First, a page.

In general, the act of converting requires an understanding of how to get from where you were to where you want to be. Converting to another belief system, from English to metric measurement, or from leads to sales, means you have to bridge some gaps and force a shift, of sorts, in your mindset. If you are in the business of getting online visitors to a conversion such as a purchase, you know that coaxing prospective customers through the sales funnel requires a solid strategy and precise implementation. That implementation should consist of creating a welcoming digital environment that lays an unencumbered path for shoppers to ultimately make a purchase. The path should consist of the strategic use of content, graphics/images, and technology.
In laying the groundwork for better online conversions, examine your experiences in a brick-and-mortar world. As you navigate through a grocery store, for instance, think of the signage, graphics, and technology you rely on to help you make a purchase. Now, think of what obstacles keep you from getting everything on your list: the aisle sign says food storage, but you can’t find sandwich bags; the spinach doesn’t look fresh; the endcap has a Popchip promotion, but they are out of barbeque flavor; the register displays a different price from the shelf card. Since you made the effort to visit the store, you are likely to buy what’s in your cart rather than leave with nothing. However, if a similar scenario plays out online, you will probably abandon your cart, go elsewhere, and save a boatload of time.
There are multiple factors that go into getting visitors to a conversion, many of which you have no control over. But identifying what you can control and optimizing it based on best practices will certainly help enhance the shopping experience. Think of it like curling: Sweeping the path reduces friction and helps the stone go faster and straighter. It’s up to the sweepers to keep it from curling—or going in another direction—away from the intended target. As the sweeper, your job is to use content, graphics, and functionality synergistically to help customers make a purchase.
Below are a few recommendations to get you started:
1. Descriptions: It’s important to include clear and concise product descriptions that explain the details and benefits of each product. If you are unsure of how your products come across, ask someone to sketch a picture based on your product descriptions and see how that goes. Bonus Tip: Include recommendations for complementary products.
2. Microcopy: Microcopy instructs users how to properly complete forms to avoid error messages (e.g., “Don’t use dashes with phone numbers,” or “The CVV is the three-digit number on the back of your credit card.”) and it addresses concerns that people may have such as, “We won’t share your information with 3rd parties.”
3. Reviews and Testimonials: Include reviews and testimonials. People are all about social proof, so seeing that others are happy with the product goes far in getting people to buy.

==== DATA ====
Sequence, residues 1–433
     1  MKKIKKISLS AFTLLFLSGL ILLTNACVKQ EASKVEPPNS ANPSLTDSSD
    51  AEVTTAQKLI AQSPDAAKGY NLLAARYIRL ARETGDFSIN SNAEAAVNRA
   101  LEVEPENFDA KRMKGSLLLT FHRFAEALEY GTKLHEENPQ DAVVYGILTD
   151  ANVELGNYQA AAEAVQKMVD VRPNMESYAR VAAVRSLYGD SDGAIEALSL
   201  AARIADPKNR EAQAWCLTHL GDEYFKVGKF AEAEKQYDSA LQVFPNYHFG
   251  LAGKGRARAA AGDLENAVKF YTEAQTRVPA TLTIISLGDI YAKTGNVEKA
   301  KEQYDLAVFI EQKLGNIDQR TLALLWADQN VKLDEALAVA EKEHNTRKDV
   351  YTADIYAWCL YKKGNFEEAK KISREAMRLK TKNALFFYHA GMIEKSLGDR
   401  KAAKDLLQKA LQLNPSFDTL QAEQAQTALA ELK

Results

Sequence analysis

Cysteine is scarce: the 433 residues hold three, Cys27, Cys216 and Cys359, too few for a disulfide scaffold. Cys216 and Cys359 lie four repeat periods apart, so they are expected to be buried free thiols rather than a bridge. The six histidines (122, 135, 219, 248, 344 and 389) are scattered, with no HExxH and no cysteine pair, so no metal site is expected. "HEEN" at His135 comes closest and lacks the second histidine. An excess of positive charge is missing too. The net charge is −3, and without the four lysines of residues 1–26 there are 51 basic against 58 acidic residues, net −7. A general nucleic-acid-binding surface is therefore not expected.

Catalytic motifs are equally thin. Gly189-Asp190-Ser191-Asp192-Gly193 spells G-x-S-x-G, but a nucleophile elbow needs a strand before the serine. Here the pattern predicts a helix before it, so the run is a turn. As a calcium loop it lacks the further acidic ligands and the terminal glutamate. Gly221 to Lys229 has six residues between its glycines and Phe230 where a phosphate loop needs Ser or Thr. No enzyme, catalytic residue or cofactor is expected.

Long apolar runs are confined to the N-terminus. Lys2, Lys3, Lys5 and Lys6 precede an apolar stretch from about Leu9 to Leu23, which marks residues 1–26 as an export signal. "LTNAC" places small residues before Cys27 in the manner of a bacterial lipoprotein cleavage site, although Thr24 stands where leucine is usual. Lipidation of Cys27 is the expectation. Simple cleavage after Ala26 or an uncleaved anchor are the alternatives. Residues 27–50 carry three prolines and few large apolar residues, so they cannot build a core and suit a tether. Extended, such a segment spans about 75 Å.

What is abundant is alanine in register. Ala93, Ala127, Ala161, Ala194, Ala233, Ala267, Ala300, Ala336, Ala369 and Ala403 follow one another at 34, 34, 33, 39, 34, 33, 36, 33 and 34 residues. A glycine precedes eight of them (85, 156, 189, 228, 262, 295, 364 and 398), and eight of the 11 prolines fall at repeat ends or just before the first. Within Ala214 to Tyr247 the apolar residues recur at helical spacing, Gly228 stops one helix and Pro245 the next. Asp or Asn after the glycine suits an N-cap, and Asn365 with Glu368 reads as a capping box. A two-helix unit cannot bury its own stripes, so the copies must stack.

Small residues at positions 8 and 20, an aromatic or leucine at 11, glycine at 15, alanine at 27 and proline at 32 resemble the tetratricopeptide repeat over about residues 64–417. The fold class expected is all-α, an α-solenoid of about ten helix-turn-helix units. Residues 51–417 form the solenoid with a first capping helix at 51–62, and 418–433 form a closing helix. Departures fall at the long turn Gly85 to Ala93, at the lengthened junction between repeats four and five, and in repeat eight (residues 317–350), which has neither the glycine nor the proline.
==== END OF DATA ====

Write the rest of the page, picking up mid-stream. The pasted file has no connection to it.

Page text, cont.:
4. Personalization: Greeting visitors with their name and including product recommendations are always appreciated and have become expected.
1. Graphics: Using graphics like arrows, a shopping bag, heart, phone, social icons, and trust symbols like security badges, types of payment accepted etc. are simple yet they say so much in helping shoppers gather information quickly.
2. Photos: High-quality photos are a MUST. It’s 2020, there’s no excuse for displaying low-resolution product images, period. Bonus Tip: Show your products being used in their natural environment. It helps shoppers understand the size, how the item looks when its fully setup, etc.
3. Buttons: Keep action buttons like Checkout, Add to Cart, and Contact consistent and prominent throughout the site.
4. Color: Consumers spend an average of 90 seconds when deciding whether to stay on your site, so choose colors that appeal to your audience, Red, orange, black, and royal blue should be used to target impulse shoppers; navy blue and teal should be used to reach shoppers on a budget; and softer colors like pink, sky blue, and rose should be used to target traditional buyers, especially for clothing brands.
1. Mobile: You’ve probably heard this many times before, but we can’t say it enough: About half of shoppers use their mobile devices to make purchases, so optimizing your store for a mobile experience is imperative.
2. Marketing Hubs: Integrate with marketing hubs to reach customers at every stage in the funnel. Keep in touch with your customers with personalized messaging via email about company sales, special events, and company news.
3. Digital Wallet Payment Processing: Once you get customers to the checkout phase, make sure that you don’t lose them. Give shoppers as many payment options as possible including digital wallet payments like Amazon Pay and Apple Pay.
4. Live Chat: Though shoppers like the online experience, sometimes they just need to communicate with a customer service representative. Live chat is a great feature, as long as your staff commits to being available during chat hours.
The nature of online shopping means that your visitors are relying on you to provide all of the information they need to make a purchasing decision. Since you can’t be there in person, you need to fulfill their expectations quickly and thoroughly with the appropriate use of content, graphics, and functionality. We’ve said this before: Time kills deals. So be the sweeper and make full use of the tools that are available to you.